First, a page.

Clinically, the overall incidence of RACVDs is rare but substantially encountered in irradiated patients with mediastinum lymphoma (8, 44, 66), head and neck (10, 45), esophagus (63), lung (13, 61, 62), and breast (12, 21, 56, 64) cancers. High-risk features of RACVD development are as follows: left-side breast irradiation (21, 65), combination with anthracycline-based chemotherapy (65), and vulnerable patient populations [e.g., pre-existing cardiac risk factors/heart disease (21, 57) and BRCA1/2 mutation carriers (60)]. For example, for a typical 50-year-old woman with pre-existing cardiac risk factors, an estimated 20-year risk of death from ischemic heart disease after breast RT is up to 1.6%, which is higher than that of those patients with no RT (i.e., 0.9%) (21, 56, 75). Moreover, in irradiated left breast cancer patients, each additional Gray (Gy) of the mean heart dose (MHD) increases the relative risk of major cardiac events by 7.4% (21).
Radiation oncologists implement several methods to decrease IR dose to the heart for minimizing the risk of RACVD (76), such as prone positioning (77), heart block with electronic compensation (57), heart-sparing three-dimensional printing technique (78), continuous positive airway pressure (CPAP) (79), real-time position management (RPM) inspiration gating (80, 81), proton-beam irradiation (82–85), and deep-inspiration breath-hold technique (DIBH) (86–90). However, even with the highly recommended visual-guided DIBH technique, residual variations of the heart position are still noticeable (91). As a result, the actual heart dose may be underestimated, burdening a higher risk of cardiac toxicities than that of estimation from the RT treatment planning.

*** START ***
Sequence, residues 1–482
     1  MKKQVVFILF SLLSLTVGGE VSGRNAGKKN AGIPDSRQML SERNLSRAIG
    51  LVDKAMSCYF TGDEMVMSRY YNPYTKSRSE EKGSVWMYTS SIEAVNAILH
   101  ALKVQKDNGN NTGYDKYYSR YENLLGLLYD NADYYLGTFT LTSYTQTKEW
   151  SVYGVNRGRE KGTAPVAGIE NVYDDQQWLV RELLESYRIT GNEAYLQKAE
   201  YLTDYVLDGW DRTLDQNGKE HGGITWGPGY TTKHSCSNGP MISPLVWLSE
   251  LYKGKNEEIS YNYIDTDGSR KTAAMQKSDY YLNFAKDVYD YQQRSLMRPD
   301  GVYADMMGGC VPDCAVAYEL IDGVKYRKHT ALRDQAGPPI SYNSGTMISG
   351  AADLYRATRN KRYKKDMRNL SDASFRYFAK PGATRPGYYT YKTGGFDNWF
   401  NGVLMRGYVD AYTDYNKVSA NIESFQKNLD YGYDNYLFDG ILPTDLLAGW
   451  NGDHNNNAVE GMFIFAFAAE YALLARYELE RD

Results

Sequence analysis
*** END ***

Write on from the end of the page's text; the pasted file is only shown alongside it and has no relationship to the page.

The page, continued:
For reducing the risk of cardiac toxicities, modern irradiation techniques aim to decrease irradiation dose to the heart. Diminishing the mean heart dose (MHD) is the main goal based on data estimated from conventional tangential technique (21, 92–94). Nevertheless, attenuating IR doses to coronary artery (95–97) and other cardiac substructures, such as left anterior descending artery (LAD) and left ventricle (LV), are more reasonable and suitable in modern precise RT departments (2, 66, 95, 98). However, long-term results investigated dose effects on these cardiac substructures are pending.
Another emerging challenge in clinical radiation oncology is the concept-shifting on treatment consideration. Previously, radiation oncologists always apply IR dose to organs at risk (OARs) according to the principle of “as low as reasonably achievable (ALARA) (99).” However, in some patient populations that required very aggressive managements, the treatment concept frequently shifts to maximum tolerated dose (MTD) for gaining the ultimate tumor control (67, 74). Undoubtedly, adopting MTD increases the heart dose and then burdens a higher risk of RTCVD than that of ALARA.
Challenges of Clinical Detection for RACVD
Early detection of RACVD is challenging. Some clinical predictors have been reported for stratifying patients at risk, such as dosimetric parameters of RT (61), cardiac risk index (100), and coronary calcium score (101). Moreover, biomarkers are clinically helpful for detecting RACVD (102), such as cardiac troponins (e.g., troponin I or T) and natriuretic peptides (e.g., B-type natriuretic peptide (BNP) or pro-BNP) (103). On imaging, echocardiography is the pivotal method to detect cardiac anatomic and functional changes of RACVD (104–106). Profound RACVD may show a reduction of LV ejection fraction, and subclinical disease may reveal early signs of decreased global longitudinal strain (107–109). Recently, other advanced imaging modalities are attractive for detecting RACVD (110), such as cardiac computed tomography (111–113) and cardiovascular magnetic resonance (CMR) (114–116).